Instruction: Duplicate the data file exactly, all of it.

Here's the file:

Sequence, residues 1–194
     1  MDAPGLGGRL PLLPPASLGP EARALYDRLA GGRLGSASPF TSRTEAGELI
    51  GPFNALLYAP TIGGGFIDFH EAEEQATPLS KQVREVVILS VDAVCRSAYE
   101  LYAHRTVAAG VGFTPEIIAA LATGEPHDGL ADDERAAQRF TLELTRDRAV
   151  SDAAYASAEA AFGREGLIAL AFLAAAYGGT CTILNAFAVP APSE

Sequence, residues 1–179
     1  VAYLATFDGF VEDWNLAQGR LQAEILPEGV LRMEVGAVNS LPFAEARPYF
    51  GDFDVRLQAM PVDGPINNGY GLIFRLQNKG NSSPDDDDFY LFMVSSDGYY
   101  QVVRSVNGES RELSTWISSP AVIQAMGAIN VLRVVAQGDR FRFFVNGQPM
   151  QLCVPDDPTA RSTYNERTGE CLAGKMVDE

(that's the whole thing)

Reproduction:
Sequence, residues 1–194
     1  MDAPGLGGRL PLLPPASLGP EARALYDRLA GGRLGSASPF TSRTEAGELI
    51  GPFNALLYAP TIGGGFIDFH EAEEQATPLS KQVREVVILS VDAVCRSAYE
   101  LYAHRTVAAG VGFTPEIIAA LATGEPHDGL ADDERAAQRF TLELTRDRAV
   151  SDAAYASAEA AFGREGLIAL AFLAAAYGGT CTILNAFAVP APSE

Sequence, residues 1–179
     1  VAYLATFDGF VEDWNLAQGR LQAEILPEGV LRMEVGAVNS LPFAEARPYF
    51  GDFDVRLQAM PVDGPINNGY GLIFRLQNKG NSSPDDDDFY LFMVSSDGYY
   101  QVVRSVNGES RELSTWISSP AVIQAMGAIN VLRVVAQGDR FRFFVNGQPM
   151  QLCVPDDPTA RSTYNERTGE CLAGKMVDE